Hannigan has enjoyed spending time abroad for work and play (she'll appear with Dessner at the Eaux Claires festival in Wisconsin this month), and is planning to tour the United States some time after fulfilling a number of European dates to promote At Swim. While London "is an amazing place," she doesn't think it suits her quieter personality very well.
In the U.S., though, she does have a soft spot in her heart for New York, Denver ("one of my favorites") and even Fargo, at least the one captured in the exceptional TV series on FX. About halfway through the seventh episode of Season 2, her haunting voice is featured during a scene that's particularly painful to watch.
Reaching out unexpectedly, this time by phone, was Noah Hawley, the show's writer-director. "Would you do me a version of 'Danny Boy?' " he asked her.
"As an Irish person, it's a slight hot potato of a song because it's such a classic," said Hannigan, who sometimes "warbled alongside John McCormack recordings" but had never performed "Danny Boy" in public. "So I didn't quite know how to approach it. And then he said, 'I really want a very disturbing version.' Which I mean was an absolute treat. ... I'm such a fan of the show anyway and the scene that it's used in I think is so brilliant. I was just completely over the moon over the whole thing." (The Fargo Year Two Soundtrack is available on iTunes.)
Her imaginary trip to 1970s American pulp fiction was only temporary, though. Like the leading character in the 2009 novel and subsequent Oscar-nominated film Brooklyn, this real-life daydream believer is happy to "get whiplashed back" to the place she truly loves.
"That will always be home," Hannigan said of Ireland, where her family still lives. "And I will be back there permanently very soon."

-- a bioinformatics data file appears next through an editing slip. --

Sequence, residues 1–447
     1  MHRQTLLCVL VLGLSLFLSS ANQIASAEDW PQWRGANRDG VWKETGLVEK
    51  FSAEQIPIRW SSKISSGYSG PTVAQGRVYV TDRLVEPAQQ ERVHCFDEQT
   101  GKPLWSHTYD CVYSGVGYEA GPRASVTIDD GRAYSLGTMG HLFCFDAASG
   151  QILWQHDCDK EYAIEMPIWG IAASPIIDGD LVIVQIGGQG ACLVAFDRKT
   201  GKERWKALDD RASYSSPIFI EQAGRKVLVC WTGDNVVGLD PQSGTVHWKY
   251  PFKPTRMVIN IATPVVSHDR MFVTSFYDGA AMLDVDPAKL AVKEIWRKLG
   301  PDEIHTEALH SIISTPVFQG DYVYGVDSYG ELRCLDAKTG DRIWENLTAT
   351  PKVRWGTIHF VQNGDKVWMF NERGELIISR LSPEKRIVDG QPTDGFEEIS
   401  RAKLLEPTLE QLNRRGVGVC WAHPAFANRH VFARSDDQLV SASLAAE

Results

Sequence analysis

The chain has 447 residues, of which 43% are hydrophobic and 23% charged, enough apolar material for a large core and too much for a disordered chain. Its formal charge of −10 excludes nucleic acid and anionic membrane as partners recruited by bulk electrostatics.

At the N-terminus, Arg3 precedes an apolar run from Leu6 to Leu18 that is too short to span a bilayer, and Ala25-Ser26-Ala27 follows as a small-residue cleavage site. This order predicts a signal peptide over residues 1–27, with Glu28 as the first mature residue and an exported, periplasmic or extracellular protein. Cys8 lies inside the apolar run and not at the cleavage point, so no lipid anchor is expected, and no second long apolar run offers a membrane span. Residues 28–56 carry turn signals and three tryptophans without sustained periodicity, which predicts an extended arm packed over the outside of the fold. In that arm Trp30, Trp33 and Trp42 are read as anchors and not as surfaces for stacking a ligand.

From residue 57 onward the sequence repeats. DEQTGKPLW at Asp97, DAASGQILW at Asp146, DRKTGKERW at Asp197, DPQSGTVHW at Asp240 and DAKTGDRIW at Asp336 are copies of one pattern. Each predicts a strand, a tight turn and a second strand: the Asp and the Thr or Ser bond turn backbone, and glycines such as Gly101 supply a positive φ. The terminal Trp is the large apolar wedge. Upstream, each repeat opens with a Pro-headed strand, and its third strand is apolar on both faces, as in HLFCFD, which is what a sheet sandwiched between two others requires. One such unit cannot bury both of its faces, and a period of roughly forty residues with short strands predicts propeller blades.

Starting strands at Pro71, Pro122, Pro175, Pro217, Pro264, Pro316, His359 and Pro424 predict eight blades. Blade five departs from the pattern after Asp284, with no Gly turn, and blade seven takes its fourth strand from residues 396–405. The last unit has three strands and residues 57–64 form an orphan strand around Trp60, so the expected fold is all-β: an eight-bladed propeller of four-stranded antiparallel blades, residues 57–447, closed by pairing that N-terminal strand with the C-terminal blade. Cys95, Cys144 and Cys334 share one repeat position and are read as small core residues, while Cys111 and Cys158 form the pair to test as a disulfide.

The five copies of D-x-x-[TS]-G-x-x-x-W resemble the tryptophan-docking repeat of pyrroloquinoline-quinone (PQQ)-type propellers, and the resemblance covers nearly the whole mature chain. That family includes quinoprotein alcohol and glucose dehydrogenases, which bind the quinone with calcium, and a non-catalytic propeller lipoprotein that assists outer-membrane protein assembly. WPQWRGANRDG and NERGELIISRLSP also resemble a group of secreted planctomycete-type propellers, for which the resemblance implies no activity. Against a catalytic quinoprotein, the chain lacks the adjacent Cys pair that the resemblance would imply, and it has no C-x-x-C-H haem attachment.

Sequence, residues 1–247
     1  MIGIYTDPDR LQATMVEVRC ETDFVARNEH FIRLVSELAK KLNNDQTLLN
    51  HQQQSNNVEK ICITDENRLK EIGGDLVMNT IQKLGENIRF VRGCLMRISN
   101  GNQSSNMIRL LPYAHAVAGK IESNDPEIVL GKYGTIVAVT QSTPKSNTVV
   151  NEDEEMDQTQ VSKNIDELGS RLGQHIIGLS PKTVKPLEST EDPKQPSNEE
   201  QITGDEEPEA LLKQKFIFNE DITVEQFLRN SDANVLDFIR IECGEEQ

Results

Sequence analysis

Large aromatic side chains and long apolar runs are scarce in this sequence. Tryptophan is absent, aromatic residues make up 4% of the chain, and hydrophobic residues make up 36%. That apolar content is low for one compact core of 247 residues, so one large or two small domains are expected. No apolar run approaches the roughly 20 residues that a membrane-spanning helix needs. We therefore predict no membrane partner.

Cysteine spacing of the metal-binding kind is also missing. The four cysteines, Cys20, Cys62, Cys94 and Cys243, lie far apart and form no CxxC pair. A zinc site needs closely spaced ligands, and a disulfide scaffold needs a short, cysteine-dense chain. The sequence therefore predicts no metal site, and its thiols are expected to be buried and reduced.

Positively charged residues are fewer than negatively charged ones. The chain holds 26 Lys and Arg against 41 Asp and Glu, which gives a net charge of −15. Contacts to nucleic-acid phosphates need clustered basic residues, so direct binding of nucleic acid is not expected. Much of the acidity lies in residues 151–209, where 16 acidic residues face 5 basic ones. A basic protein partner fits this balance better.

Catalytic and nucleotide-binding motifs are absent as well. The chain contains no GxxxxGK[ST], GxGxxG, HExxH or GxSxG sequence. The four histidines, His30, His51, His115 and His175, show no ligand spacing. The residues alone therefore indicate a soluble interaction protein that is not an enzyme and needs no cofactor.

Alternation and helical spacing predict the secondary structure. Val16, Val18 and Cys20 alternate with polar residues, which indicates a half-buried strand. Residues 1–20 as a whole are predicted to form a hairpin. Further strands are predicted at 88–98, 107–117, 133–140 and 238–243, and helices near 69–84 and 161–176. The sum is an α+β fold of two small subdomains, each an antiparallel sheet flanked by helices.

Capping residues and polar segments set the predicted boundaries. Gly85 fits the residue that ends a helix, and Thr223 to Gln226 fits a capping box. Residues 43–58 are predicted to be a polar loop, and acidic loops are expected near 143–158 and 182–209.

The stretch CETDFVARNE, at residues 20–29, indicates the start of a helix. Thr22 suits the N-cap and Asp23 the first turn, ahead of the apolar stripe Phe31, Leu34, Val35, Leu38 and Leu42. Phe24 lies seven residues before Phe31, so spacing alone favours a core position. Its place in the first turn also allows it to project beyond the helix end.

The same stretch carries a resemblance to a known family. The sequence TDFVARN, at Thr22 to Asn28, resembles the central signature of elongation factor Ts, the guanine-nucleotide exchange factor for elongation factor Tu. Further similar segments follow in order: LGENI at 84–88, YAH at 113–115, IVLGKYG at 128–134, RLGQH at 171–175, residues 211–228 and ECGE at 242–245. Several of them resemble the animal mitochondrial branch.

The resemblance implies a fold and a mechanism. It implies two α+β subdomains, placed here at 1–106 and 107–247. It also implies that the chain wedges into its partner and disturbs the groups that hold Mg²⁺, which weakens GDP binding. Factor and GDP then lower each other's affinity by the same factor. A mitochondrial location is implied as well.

Asked what she misses the most about it, even on a day when she jokingly considered London an "upgrade" after arriving from rainy Dublin, Hannigan said, "Well, I think it's the people, really. And there's just an ease to life. And it's from where you're from that just feels so natural."
Paraphrasing late Irish poet Seamus Heaney, she offered, "It's like a cure you don't know is happening. And that's how I feel about Dublin."
Irish singer-songwriter Lisa Hannigan is back
with her first full-length album in five years. (Photo by Rich Gilligan)
Born in Kilcloon in 1981, Hannigan grew up in the countryside near Dublin and quickly took a liking to Irish music, initially drawn to Luke Kelly, the voice of the Dubliners.
"I found it, as a child, very arresting to hear somebody sing so boldly, so strongly and plainly," Hannigan said. "And I was always a big fan of his. And gosh, there's so many incredible Irish singers.
"As a woman, obviously Sinead O'Connor when I was growing up was incredibly powerful as a performer and as a person. You know, the very strong Irish woman who didn't apologize, which was very unusual to be allowed to be (during) that time."
Hannigan spent summers in the West Cork fishing village of Baltimore, where her mother Frances had grown up. While becoming transfixed by singers, Lisa developed a "recurring fascination with the sea" that's evident in many of her songs, both old ("Sea Song," "A Sail") and new (At Swim's "Undertow," "Ora," "We, The Drowned").
She admits At Swim "is definitely a bit darker in subject matter" than her previous albums, but her bright, cheerful explanations prove that light does shine through the shadows.